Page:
A city that sprawls in all directions like Los Angeles cannot have a cop on every corner. What the city can have is 1,000 additional police officers if two-thirds of its voters approve a modest increase in property taxes on June 4.
Crime is a major issue in many neighborhoods, and a majority of the voters who live in Los Angeles would feel safer with a stronger police presence, according to public-opinion polls. The stronger police presence would cost the average homeowner $60 a year, enough to expand the Los Angeles Police Department to just under 8,000 officers--still not a large force considering the size, 465 square miles, of this city and the population, 3 million.
There are no such things as popular tax increases. What Mayor Tom Bradley and the Los Angeles City Council now must do is keep hammering home the point that there are no such things as popular robberies or burglaries, either, and that voters must decide in June which they like less. The easy part was putting it on the ballot. Now they must finish the job with a persuasive campaign in its behalf.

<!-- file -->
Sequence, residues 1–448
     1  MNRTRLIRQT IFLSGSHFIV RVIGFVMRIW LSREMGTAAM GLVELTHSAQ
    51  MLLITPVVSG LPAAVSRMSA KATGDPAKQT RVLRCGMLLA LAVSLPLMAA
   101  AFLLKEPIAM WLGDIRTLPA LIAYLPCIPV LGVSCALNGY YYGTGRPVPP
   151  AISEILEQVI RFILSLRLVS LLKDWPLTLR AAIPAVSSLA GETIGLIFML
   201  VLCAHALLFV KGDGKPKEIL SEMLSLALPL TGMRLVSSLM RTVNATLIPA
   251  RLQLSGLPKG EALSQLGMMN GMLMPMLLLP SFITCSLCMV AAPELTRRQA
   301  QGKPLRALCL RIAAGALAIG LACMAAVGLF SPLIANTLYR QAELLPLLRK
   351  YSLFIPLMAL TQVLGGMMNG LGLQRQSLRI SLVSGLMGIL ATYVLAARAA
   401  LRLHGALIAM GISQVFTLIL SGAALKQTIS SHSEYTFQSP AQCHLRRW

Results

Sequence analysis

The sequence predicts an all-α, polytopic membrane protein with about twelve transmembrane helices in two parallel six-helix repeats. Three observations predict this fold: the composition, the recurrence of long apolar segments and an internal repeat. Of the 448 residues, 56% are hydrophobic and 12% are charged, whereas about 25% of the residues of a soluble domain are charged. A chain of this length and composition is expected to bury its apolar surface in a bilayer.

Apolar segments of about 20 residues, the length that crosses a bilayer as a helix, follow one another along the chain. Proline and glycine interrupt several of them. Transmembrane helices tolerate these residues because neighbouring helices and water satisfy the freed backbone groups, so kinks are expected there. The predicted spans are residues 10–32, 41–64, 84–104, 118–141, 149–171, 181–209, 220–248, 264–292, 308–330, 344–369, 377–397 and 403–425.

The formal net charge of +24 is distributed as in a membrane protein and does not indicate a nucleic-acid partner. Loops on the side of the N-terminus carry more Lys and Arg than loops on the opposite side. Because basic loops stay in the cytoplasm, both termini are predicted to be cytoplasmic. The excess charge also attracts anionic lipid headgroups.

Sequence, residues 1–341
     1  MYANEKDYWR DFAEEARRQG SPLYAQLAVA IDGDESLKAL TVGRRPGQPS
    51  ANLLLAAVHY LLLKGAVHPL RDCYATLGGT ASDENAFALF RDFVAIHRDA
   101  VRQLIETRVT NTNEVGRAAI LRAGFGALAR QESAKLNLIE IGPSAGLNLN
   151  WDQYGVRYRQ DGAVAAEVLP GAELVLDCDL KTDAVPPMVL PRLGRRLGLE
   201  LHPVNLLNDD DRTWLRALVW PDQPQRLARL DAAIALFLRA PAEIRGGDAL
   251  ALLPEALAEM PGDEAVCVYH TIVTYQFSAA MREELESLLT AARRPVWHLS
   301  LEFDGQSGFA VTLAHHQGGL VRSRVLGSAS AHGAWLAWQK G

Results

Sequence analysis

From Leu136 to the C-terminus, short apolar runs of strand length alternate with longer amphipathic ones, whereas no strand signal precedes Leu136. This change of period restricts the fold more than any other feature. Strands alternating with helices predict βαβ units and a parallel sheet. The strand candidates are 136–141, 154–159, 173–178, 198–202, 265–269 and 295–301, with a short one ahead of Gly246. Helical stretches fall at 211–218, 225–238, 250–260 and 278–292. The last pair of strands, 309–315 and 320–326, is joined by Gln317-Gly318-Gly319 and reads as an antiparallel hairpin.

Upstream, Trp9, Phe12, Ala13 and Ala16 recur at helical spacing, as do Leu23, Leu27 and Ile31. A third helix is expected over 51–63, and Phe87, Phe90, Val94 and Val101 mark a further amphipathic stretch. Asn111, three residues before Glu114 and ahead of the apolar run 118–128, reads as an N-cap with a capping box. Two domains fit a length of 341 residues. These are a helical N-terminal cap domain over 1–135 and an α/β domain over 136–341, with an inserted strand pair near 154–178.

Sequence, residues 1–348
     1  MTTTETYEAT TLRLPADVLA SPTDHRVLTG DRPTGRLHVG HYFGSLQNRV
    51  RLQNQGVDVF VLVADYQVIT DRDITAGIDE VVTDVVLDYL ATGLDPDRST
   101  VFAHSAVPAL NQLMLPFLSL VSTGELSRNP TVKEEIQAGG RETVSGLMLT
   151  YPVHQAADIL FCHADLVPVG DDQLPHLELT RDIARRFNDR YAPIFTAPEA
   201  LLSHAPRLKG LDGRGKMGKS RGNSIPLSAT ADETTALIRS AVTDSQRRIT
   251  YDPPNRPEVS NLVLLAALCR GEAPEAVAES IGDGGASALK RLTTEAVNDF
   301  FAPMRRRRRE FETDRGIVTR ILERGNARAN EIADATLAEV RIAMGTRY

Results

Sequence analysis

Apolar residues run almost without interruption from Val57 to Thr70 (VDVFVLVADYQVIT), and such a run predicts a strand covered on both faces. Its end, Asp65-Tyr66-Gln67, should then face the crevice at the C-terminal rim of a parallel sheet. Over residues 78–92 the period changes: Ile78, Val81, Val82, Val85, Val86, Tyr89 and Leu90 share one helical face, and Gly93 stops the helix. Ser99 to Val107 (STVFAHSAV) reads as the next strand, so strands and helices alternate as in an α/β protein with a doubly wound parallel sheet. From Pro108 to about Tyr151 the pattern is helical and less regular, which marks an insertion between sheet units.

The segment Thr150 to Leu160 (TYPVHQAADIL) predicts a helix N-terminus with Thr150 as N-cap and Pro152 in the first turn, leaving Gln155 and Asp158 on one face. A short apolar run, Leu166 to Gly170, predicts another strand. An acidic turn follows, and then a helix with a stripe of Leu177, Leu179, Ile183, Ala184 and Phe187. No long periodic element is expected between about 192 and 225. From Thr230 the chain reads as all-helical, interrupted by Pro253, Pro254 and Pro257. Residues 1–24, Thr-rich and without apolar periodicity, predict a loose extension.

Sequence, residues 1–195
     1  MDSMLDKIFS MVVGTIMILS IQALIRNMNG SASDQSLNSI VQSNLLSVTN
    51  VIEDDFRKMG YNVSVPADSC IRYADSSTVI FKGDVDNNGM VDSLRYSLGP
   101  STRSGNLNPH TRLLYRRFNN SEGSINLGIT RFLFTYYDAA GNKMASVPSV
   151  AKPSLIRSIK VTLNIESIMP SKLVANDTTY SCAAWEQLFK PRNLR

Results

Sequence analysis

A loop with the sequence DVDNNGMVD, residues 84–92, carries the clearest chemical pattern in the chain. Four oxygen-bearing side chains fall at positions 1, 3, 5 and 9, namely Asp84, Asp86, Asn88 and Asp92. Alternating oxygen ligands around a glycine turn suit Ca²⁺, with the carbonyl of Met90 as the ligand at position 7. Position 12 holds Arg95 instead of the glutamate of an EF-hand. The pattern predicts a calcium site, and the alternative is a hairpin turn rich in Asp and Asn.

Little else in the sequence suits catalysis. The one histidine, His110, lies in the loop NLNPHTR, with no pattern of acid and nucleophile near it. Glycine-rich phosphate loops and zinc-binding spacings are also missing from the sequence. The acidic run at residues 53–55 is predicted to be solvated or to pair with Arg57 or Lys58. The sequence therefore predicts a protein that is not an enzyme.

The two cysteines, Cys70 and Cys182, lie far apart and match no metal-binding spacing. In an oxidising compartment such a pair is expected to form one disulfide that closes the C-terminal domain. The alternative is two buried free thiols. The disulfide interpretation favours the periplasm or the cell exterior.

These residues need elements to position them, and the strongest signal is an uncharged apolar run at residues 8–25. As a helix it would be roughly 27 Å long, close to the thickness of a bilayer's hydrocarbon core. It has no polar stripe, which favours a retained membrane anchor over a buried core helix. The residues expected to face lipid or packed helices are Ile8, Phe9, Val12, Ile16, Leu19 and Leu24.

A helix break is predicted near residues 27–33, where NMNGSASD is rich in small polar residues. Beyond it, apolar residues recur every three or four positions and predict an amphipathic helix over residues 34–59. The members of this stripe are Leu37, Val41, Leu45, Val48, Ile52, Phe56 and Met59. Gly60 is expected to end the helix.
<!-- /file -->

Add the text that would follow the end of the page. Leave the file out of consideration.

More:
Competition among neighborhoods for new police officers will complicate their campaign. Residents in the San Fernando Valley, particularly those who would pay more than the average tax because they live in larger homes on larger lots, need reassurance that they will not bear the burden of the new tax while other areas get the majority of the new officers.